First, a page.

Frank .D. King University College London

Frank .D. King University College London

Frank .D. King University College London

Professor Frank Kelly

Professor Francis KellyProfessor of Environmental Health
Director, Environmental Research Group
Deputy Director of the MRC-PHE Centre for Environment and Health
Telephone number: +44 (0)20 7848 4004
Email address: frank.kelly@kcl.ac.uk

 

King’s Postal Address:
Analytical & Environmental Sciences Division
King’s College London
4.116B, 4th Floor, Franklin-Wilkins Building
150 Stamford Street
London SE1 9NH

Professor Frank J Kelly BSc, PhD

Professor Frank Kelly holds the chair in Environmental Health at King’s College London, where he is Director of the Analytical & Environmental Sciences Division. His other positions of responsibility are Director of the Environmental Research Group, Director of the NIHR Health Protection Research Unit in Health Impact of Environmental Hazards and Deputy Director of the MRC-PHE Centre for Environment & Health. From these dual positions he is able to combine his two main research interests, namely free radical/antioxidant biochemistry and the impact of atmospheric pollution on human health.  Further details of this activity can be found on the ERG and London Air websites.

In addition to his academic work Frank is past President of the European Society for Free Radical Research and past Chairman of the British Association for Lung Research. He is also involved with providing policy support to the WHO on air pollution issues and is a member of  the Committee on the Medical effects of Air Pollution (COMEAP).

Research

Breathing is obviously an essential activity – but depending on your location (a busy road or industrial location) every breath you take has the potential to introduce dangerous gases and airborne particles to your lungs.

Prof Kelly’s research focuses on how the lung defends itself from these challenges and why, for some of us, these defences sometimes fail. Much of his current work examines the oxidant mechanisms underlying air pollution-induced lung injury.

Prof Kelly is trying to understand how pollutants such as ozone, nitrogen dioxide and tiny traffic-related particles interact with the lung and initiate injury.

As well as conducting studies in healthy volunteers he is particularly interested in how these events differ between healthy subjects and those with pre-existing airways disease such as asthma. The primary focus of these studies relates to the events occurring within the respiratory tract lining fluid (RTLF) compartment of the lung. This thin layer of fluid, which lines the surface of the lung, represents the first and maybe most important line of defence against inspired pollutants. Prof Kelly suspects that oxidant/antioxidant events occurring in the RTLF are pivotal to understanding the impact of air pollution on the lung. Since many respiratory diseases involve inflammation, RTLF antioxidants have also the potential to defend the lung against free radicals released by invading white blood cells.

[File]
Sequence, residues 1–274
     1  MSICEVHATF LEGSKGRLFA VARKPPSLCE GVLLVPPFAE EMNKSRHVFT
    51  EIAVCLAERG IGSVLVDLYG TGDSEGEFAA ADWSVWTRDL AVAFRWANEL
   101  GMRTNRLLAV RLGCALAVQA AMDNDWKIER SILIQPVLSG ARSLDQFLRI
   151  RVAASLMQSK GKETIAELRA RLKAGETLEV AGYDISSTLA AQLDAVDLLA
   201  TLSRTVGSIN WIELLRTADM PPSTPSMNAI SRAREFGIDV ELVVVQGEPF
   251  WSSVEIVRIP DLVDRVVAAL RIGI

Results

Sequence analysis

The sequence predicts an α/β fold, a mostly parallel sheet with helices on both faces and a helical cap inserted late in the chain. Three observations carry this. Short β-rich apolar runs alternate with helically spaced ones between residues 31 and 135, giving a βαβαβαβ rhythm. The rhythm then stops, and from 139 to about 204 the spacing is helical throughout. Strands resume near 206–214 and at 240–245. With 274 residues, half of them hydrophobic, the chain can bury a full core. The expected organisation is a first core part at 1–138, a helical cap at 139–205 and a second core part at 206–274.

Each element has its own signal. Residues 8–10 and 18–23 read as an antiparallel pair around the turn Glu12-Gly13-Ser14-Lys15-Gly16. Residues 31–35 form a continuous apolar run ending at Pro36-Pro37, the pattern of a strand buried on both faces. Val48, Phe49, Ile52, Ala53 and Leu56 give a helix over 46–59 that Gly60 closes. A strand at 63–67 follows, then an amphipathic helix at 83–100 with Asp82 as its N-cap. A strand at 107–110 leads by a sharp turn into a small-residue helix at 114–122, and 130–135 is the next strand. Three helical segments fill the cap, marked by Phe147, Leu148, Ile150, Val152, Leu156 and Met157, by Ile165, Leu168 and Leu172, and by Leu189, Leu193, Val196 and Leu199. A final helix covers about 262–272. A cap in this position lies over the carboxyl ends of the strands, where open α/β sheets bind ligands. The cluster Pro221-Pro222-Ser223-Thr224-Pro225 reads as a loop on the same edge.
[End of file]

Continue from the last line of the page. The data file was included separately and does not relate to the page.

In collaboration with clinical colleagues at the University of Umea in Sweden, Prof Kelly utilises bronchoscopy and bronchoalveolar lavage procedures to investigate the nature of oxidant/antioxidant interactions occurring in the RTLF compartment. These studies, in combination with cell culture and in vitro approaches, have allowed Prof Kelly and colleagues to develop an understanding of the time-course of events in the airways following oxidative challenge.

These findings have led them to realise the need to obtain a better understanding of how diet and genotype interact to determine an individual’s complement of RTLF antioxidants. Prof Kelly and colleagues have obtained data on the antioxidant defence network within RTLF of healthy individuals and are investigating how diet and genetic background can influence this.

In addition to these chamber-based volunteer studies, Prof Kelly and colleagues are taking advantage of the natural experiments that are taking place in London following the introduction of traffic management schemes such as the Congestion Charging Scheme (CCS) and the Low Emission Zone (LEZ). Both schemes have the potential to influence vehicle emissions and thus air quality in London. With colleagues in Imperial College, St George’s and the London School of Hygiene & Tropical Medicine Prof Kelly is determining if this is the case and if they can demonstrate a health benefit of these traffic intervention schemes.

People

Research Staff

Ms Fatma Amari

Ms Christina Dunster

Dr Esme Purdie

Dr Helen Wood

 

PhD Students

Krystal Godri

Irene Katsaiti

Shukri Modh Aris

Natasa Polak

Winston Lu

Contact us

Switchboard (general enquiries)

Telephone: +44 (0) 20 7836 5454

Postal address

Please be sure to include the recipient’s name and department in the address.

King’s College London
Strand
London
WC2R 2LS
United Kingdom